In a post (The NM Republican Party: A Moment of Truth) on Saturday May 22, I wrote that the Republican Party had opposed Civil Rights legislation in the 1960s. It turns out that Republicans supported the Civil Rights Act of 1964--the greatest civil rights action by Congress since the Civil War--by greater margins than the Democrats, giving it 80 and 82 percent support in the House and Senate, respectively. Similarly, Republicans supported the Voting Rights Act of 1965 overwhelmingly. It is also true that these landmark civil rights actions were initiated by Democrats, but could not have passed without Republican support.
In the 1970s many Southern Democrats, who opposed the civil rights acts of the 1960s, migrated to the Republican Party in a movement that produced a fairly solid Republican South, which had previously been Democratic. Ever since, the overwhelming majority of blacks in the South are Democrats, and the strong majority of whites are Republicans. The white majority has not been overly concerned with addressing black issues.
There was a backlash in the 1980s and 1990s--not just in the South--against what some felt was a tendency to use the potential threat of an accusation of racism as a weapon by some minority members, reflected primarily within Republican Party circles. Today many of my students are so exhausted with the vapid, insincere (on all sides) rhetoric of race they simply refuse to discuss it, even though race and ethnicity are very much a part of the forces that shape our lives (the see two posts immediately below). It would be nice for leaders of both parties to find a more consensual language to deal with race so that public discussion of it might actually lead somewhere. That I teach politics and still could make a whopper mistake about Republican support for civil rights in the 1960s, is, I think, at least in part a symptom of widespread, and sometimes mistaken, perceptions (not just among Democrats), derived from an inane discourse that nevertheless can skew your thinking about what the facts might be.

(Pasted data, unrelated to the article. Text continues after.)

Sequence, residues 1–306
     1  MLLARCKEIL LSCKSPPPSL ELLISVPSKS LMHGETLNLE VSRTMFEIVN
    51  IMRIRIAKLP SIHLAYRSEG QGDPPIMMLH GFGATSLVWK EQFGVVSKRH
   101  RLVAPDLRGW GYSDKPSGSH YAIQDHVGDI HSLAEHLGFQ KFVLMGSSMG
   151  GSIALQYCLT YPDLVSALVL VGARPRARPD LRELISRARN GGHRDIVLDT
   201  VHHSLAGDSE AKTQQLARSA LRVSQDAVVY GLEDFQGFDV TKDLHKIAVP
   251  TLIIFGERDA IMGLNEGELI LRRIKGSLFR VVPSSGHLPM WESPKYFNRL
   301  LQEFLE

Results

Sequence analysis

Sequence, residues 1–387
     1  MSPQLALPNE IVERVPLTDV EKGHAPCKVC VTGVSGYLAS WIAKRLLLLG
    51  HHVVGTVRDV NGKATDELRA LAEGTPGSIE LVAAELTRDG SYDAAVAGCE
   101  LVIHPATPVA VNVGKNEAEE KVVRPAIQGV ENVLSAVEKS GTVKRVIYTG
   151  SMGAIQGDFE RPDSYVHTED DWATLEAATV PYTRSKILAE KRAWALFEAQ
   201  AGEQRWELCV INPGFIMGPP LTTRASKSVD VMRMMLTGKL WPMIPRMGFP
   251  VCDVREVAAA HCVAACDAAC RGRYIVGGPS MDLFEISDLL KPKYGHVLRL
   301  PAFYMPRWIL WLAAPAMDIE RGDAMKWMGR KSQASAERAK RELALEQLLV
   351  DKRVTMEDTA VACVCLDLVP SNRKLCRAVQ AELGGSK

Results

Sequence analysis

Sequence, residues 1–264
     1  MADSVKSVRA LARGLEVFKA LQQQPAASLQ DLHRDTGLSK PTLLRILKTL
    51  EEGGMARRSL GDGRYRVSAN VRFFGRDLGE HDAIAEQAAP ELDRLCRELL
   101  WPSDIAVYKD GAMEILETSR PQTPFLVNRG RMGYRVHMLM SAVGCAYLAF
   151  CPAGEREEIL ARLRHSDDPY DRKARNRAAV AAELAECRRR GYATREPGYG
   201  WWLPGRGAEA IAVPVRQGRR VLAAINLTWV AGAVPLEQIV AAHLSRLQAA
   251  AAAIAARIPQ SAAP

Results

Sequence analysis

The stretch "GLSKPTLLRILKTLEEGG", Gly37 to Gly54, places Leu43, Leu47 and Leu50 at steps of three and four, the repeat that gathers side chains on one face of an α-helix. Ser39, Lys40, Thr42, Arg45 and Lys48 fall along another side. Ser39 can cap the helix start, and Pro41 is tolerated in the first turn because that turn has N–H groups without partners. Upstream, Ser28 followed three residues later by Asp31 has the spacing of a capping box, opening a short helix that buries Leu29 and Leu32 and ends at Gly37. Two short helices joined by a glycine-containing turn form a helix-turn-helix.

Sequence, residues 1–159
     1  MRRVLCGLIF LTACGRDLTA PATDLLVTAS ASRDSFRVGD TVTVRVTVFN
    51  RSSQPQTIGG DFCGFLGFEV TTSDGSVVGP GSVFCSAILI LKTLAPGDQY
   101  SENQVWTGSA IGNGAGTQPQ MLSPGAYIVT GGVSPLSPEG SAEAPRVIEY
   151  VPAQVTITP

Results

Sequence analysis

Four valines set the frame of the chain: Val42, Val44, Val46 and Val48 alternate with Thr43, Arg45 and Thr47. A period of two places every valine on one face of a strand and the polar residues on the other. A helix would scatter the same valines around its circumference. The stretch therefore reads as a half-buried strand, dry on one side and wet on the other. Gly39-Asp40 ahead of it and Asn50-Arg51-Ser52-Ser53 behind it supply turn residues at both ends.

I stand by my argument about ethnic politics in New Mexico: Republicans, some notable exceptions notwithstanding, have not been attractive as candidates to the vast majority of Hispanics, who migrated to the Democratic Party in the late 1930s and 1940s. This has made the Democratic Party the default winner, since in most races Hispanics have enough votes to make the difference between winning and losing in a statewide race. If there is a single point I wanted to make in the posting, it was that I don't think this ethnic lop-sidedness is healthy for the state, and this year Republicans have a choice to address this disparity.